I then joined a co-op to grow everlastings on my space. My plan was to turn that $10,000 into $30,000 a year. The co-op failed, and I was stuck with thousands of dollars of dried flowers – with no way to market them in their current form. So, I got creative, and cut them into 1'2" pieces, mixed them with North Dakota wild-crafted yucca and bittersweet, added essential oils for aroma, and marketed them as North Dakota potpourri for $12.50 per bag. People living with allergies and chemical sensitivities loved them! I made the rounds with a tank full of gas and attended regional trade shows. Before long I had over 200 stores continually reordering my beautiful blends. Eventually, the other growers, who'd also misplaced their entrepreneurial dream with the same co-op group, sold me their flowers at a discount once they saw my success. I was making $30,000 a year, just over the SBA noted ceiling of revenue for most small businesses, but I wanted to go bigger. Customers, however, were choosing scented candles over potpourri. I couldn't believe that people would prefer to burn petroleum wax with toxic fragrance, but they did.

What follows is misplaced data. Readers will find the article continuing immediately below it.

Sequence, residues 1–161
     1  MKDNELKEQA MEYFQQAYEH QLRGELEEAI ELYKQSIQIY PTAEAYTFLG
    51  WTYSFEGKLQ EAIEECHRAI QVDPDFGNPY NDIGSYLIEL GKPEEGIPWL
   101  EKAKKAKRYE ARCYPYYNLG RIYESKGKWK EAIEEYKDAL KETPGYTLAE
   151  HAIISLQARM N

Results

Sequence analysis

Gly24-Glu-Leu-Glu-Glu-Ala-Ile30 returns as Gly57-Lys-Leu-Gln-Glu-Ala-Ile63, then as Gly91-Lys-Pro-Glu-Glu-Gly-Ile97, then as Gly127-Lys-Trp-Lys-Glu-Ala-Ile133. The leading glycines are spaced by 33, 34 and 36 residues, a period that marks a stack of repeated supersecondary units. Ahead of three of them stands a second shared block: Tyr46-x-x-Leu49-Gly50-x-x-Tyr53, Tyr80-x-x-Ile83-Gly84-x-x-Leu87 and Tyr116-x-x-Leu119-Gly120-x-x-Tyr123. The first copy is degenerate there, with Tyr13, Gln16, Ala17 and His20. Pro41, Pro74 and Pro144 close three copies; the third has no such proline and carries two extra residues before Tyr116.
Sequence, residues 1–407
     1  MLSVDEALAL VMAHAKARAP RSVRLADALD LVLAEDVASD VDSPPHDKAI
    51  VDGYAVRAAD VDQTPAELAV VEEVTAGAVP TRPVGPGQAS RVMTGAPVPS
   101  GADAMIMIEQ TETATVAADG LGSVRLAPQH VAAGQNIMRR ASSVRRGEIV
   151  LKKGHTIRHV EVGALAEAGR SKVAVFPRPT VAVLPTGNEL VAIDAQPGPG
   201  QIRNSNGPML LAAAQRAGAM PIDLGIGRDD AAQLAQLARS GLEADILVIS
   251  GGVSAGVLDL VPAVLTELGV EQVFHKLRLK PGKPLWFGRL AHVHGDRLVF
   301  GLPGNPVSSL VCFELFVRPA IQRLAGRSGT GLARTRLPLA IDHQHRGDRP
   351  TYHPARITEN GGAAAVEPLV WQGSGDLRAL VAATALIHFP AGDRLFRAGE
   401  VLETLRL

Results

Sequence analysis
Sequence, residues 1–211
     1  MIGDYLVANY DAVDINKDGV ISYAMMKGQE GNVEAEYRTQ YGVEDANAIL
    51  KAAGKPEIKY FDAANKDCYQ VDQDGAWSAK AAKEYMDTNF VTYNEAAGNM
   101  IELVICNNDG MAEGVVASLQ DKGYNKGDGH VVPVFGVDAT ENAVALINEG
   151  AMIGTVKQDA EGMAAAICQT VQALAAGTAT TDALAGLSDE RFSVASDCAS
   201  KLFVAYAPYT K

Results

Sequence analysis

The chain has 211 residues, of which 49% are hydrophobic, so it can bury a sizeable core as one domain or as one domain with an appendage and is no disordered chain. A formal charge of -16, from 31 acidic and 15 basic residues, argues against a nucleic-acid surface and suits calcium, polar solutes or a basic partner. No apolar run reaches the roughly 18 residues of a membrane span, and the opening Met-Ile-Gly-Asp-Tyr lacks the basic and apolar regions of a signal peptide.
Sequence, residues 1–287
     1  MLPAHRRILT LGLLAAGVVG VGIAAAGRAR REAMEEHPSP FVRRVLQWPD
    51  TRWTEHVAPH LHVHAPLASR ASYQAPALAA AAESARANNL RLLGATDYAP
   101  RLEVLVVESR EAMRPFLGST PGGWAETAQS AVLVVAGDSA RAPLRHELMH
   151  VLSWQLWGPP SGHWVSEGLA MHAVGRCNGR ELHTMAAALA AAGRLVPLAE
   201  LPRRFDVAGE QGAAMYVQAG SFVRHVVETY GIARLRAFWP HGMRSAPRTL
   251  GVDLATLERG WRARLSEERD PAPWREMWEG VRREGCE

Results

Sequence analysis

Once again, I re-thought, and re-set, my efforts with plan B! I made the conscious effort at this time to commercialize the tractor cab potpourri that I had developed and been using on the farm to keep mice out of our equipment, and that's how my first product, Fresh Cab®, was born. I began giving out samples in the fall of 2002. Knowing farmers the way I did, I knew they were not going to take the time to do anything extra, so I figured if they were tossing a bag of poison in the cab, they might just as well try my non-toxic pouch. The product was working and my early trial customers were happy with Fresh Cab®. It repelled the pests so there were no dead bodies to clean up and it was safe around animals and kids.